Dvar for Shelach (Numbers 13:1-15:41)
Parshat Shelach contains the famous story of the spies that are sent in to check out Canaan, which would later become Israel. The decision to send the twelve spies, however, was made by the people, as G-d previously assured the Jews that He would take care of everything. But they insisted on seeing for themselves, and were instructed to send the spies of their own accord (13:2). The tribe leaders went in to spy, and came back with an awful report, scaring the Jews into wanting to go back to Egypt. What happened to the faith in G-d, and with all His open miracles? What happened to the spies that they didn’t realize that everything they saw in Canaan was actually a blessing (1 – They saw huge fortresses, but that really meant that people in them were scared of something, 2 – They saw people dying, but G-d made it that someone died when the spies came, so that the inhabitants would be preoccupied with burying them and not notice the spies, etc.)?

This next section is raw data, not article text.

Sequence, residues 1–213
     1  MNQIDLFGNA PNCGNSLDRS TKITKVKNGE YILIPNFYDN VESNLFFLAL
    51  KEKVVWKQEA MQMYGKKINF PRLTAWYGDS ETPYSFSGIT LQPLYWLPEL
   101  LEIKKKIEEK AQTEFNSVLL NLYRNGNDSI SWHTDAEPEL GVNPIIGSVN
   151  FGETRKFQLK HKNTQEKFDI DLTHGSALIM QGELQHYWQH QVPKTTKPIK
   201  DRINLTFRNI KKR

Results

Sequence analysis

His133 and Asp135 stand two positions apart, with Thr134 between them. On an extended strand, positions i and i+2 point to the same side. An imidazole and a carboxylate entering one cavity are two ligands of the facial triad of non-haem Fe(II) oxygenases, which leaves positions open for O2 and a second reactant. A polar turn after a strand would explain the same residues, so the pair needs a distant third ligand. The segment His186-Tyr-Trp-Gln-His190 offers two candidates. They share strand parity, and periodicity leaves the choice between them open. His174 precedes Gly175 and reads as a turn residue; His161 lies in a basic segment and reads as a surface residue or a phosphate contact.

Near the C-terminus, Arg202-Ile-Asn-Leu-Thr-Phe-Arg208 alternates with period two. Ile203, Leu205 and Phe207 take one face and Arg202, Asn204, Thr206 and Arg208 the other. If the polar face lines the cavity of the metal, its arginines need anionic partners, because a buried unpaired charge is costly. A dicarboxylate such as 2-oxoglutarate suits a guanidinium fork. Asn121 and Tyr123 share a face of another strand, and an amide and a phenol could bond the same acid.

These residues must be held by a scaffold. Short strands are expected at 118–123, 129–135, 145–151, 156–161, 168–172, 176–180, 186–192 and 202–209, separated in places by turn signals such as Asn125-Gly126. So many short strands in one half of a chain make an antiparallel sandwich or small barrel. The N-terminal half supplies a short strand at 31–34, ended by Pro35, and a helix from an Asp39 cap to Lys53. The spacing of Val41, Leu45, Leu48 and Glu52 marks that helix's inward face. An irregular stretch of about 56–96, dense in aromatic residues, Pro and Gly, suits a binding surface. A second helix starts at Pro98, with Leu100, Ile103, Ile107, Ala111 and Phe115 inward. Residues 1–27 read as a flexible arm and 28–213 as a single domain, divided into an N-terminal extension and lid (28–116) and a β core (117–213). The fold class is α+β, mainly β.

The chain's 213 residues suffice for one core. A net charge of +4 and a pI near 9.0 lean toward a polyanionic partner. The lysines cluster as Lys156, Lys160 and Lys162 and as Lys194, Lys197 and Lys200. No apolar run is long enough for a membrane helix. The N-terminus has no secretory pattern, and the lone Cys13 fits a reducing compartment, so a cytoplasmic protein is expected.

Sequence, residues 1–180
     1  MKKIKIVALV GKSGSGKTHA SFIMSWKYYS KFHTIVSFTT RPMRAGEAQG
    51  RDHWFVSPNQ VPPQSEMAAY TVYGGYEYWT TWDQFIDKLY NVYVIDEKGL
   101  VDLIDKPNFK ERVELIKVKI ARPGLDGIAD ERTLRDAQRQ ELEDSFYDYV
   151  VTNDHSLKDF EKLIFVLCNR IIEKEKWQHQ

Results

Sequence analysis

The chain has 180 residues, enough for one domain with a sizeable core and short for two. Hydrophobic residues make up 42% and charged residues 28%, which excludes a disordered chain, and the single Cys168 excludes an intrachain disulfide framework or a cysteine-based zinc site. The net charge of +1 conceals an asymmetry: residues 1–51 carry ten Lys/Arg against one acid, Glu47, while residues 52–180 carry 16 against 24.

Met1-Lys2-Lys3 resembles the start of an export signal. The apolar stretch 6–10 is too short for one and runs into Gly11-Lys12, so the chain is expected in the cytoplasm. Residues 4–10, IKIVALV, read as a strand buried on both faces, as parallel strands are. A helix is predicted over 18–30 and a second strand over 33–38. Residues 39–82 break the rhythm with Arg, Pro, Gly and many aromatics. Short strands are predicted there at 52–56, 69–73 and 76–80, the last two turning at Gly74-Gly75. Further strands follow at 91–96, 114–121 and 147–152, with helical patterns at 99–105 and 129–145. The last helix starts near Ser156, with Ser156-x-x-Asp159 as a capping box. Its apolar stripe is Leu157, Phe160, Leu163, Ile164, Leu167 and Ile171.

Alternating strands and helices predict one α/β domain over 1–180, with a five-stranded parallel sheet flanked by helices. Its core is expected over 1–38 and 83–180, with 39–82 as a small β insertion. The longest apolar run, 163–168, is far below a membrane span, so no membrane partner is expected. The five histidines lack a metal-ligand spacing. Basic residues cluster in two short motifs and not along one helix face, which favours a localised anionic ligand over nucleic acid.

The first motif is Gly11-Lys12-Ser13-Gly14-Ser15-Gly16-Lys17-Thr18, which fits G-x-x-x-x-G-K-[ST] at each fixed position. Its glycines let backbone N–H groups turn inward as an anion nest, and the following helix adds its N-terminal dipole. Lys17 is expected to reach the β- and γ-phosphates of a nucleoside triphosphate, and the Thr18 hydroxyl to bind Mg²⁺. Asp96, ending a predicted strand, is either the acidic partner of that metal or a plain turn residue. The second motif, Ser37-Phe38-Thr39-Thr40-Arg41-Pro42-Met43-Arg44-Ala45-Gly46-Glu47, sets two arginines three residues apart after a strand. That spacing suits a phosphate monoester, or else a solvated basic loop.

The answer lies in their very first mistake… They wanted to see the land through their own pessimistic eyes, and that’s what they got to see. Seeing things without the proper perspective can make even positive things look bad, even if you’re a tribe leader that people depend on and look up to, even if you’ve witnessed countless miracles in your life, and even if G-d just told you that He’s on your side. What seemed like a harmless request turned out to be a disaster that cost the Jews 39 more years in the desert. They could have done it right had they done what Yehoshua (Joshua) did: put G-d’s name first (Yud, the letter representing G-d added to the beginning of his).
We too can look at the world and at our lives, and see living without G-d and the Torah, and it may not seem so bad. Inevitably we’d end up wandering in circles, only to realize that it was our decision to be “free” that caused us to be slaves to nature and to our desires. Conversely, we can find our Torah goal, hang it where we can see it, and despite the challenges and through it all, we’re guaranteed to “see” it through.